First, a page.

What he doesn’t have is a World Cup trophy. And until he gets one his claim to being the best player of all-time will include an asterisk. How can you be the best player if you haven’t won the biggest prize?

Without a World Cup, Messi will forever live in the shadow of Diego Maradona, another larger-than-life figure who scored fewer goals and played fewer games. But he won a World Cup 51 months before Messi was born.

That was Argentina’s last world title, the one that put the second star on the team’s jersey. As a result, Maradona has his own religion in Argentina. Messi won’t even have his own church unless he adds a third star to the team iconic white-and-blue striped shirt, but he will finally be more widely celebrated outside his hometown.

Messi does have Rosario — also the birthplace of revolutionary icon Che Guevara — and at 35, on the eve of what Messi says will be his final World Cup game, the town, if not the world, is rooting for him.

A mural of soccer player Lionel Messi covers the home where he lived in Rosario, Argentina.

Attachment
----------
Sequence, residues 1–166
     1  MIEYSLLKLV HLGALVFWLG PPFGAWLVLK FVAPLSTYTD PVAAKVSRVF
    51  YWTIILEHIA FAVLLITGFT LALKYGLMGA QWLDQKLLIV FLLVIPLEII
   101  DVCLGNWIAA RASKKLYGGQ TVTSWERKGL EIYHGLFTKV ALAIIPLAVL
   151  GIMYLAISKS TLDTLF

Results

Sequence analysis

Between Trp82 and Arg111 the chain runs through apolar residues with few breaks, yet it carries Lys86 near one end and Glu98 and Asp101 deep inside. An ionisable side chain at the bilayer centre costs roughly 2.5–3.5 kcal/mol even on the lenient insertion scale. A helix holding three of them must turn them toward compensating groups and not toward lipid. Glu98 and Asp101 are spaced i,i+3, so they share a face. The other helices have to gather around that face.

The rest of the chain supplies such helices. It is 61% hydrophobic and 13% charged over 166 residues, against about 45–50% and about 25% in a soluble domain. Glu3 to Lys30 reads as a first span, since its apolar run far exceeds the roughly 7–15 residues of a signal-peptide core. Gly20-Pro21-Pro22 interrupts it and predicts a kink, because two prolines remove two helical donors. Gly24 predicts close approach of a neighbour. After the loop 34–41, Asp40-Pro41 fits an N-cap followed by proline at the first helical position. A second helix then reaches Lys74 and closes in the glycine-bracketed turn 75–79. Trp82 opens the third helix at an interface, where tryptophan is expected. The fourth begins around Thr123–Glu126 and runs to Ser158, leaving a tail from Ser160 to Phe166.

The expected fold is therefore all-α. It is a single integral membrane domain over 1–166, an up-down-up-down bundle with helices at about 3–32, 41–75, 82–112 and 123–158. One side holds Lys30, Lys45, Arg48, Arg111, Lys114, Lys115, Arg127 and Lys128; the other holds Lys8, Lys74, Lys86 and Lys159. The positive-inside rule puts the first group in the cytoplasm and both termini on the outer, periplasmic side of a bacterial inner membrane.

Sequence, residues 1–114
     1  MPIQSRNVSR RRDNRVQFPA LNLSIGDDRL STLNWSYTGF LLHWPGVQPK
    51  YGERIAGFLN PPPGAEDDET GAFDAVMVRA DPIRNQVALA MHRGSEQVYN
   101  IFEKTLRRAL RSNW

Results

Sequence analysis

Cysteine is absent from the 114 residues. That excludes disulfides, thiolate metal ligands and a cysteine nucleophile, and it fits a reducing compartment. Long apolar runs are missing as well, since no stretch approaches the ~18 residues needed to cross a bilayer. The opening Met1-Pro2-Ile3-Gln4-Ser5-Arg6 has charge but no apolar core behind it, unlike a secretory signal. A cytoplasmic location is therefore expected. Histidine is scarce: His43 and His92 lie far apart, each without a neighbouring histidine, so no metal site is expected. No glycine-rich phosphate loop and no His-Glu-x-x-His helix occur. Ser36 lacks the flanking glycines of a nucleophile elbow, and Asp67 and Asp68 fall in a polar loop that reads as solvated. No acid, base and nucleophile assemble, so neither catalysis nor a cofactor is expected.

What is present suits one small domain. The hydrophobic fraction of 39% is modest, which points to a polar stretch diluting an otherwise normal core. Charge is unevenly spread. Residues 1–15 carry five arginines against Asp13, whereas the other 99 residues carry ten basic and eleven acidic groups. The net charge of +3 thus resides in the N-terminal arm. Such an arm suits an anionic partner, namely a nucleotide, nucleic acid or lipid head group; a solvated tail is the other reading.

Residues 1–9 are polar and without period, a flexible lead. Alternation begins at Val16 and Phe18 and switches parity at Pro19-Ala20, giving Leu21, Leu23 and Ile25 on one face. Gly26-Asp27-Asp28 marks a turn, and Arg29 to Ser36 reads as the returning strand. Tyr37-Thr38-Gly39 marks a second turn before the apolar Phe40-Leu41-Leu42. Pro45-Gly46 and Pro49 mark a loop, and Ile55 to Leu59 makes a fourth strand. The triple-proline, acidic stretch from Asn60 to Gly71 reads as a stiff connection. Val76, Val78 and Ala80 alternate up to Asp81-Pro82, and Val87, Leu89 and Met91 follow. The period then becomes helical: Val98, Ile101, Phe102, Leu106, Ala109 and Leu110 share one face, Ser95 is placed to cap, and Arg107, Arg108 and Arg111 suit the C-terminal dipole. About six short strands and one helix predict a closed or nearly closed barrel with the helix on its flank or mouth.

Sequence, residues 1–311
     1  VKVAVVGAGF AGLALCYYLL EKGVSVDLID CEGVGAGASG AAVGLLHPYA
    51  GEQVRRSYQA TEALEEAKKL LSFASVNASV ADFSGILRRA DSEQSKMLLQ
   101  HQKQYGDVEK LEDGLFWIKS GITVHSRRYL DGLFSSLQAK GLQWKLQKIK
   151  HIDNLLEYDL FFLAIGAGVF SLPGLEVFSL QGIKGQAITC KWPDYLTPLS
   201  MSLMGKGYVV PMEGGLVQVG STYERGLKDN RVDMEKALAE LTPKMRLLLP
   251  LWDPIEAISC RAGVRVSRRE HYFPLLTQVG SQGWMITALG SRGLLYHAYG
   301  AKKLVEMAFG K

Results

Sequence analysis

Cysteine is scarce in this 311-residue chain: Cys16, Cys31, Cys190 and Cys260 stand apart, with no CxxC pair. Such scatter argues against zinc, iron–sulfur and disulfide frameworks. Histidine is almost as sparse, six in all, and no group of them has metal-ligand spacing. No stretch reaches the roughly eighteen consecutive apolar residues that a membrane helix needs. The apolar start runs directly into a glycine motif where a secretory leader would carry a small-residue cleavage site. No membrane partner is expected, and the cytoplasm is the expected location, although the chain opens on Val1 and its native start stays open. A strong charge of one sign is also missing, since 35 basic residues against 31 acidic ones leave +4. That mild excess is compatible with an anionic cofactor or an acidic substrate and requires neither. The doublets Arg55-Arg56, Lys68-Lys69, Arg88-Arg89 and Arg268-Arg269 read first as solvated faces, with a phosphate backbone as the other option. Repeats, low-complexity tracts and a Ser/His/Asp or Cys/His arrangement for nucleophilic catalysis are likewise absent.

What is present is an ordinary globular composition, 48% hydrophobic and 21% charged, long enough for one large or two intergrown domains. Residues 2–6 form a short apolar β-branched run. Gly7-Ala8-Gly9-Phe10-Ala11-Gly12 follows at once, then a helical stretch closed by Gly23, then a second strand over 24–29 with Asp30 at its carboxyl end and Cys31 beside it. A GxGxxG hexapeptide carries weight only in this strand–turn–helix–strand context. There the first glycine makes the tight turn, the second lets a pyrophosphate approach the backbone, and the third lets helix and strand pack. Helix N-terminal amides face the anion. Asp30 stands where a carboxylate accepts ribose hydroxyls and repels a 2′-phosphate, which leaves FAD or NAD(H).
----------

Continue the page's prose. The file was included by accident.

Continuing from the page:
A mural of soccer player Lionel Messi covers the home where he lived in Rosario, Argentina. (Rodrigo Abd / Associated Press)

“He was always kicking something, a ball, bottle cap,” Fernanda Quiroga, who is the same age of the boy who grew up across the street, told the Associated Press. “It’s been said this is Leo’s last World Cup, so we’re all hoping he wins it, more for him than for the national team itself.”

“I think what weighs more this time around is that we want him to get it because he’s generated so much love and respect,” Quiroga added.

There is also a mural across the street from Messi’s old grade school. Neighbors say people come to pray there; Messi, however, barely studied there before leaving for Barcelona, though even his teachers don’t begrudge him for that.

“He was very focused on soccer,” Andrea Liliana Sosa, who taught Messi math and science in the fifth and six grades told the AP. “[A World Cup] would be like the cherry that’s missing. But he has done enough to be recognized and loved by everyone.”

To finally get to the promised land, Messi and Argentine will have to overcome a French team trying to make history of its own. As the reigning champion, France has a chance to become the first repeat winner in a men’s World Cup in 60 years. A victory would also make its coach, Didier Deschamps, a key player on France’s 1998 world championship team, the first person to win one World Cup as a player and two as a coach.

Both teams have followed rocky paths to the final. Argentina, which came to Qatar riding a 36-match unbeaten streak, second-longest in history, was upset by Saudi Arabia in its opener, a result Messi said made the team better.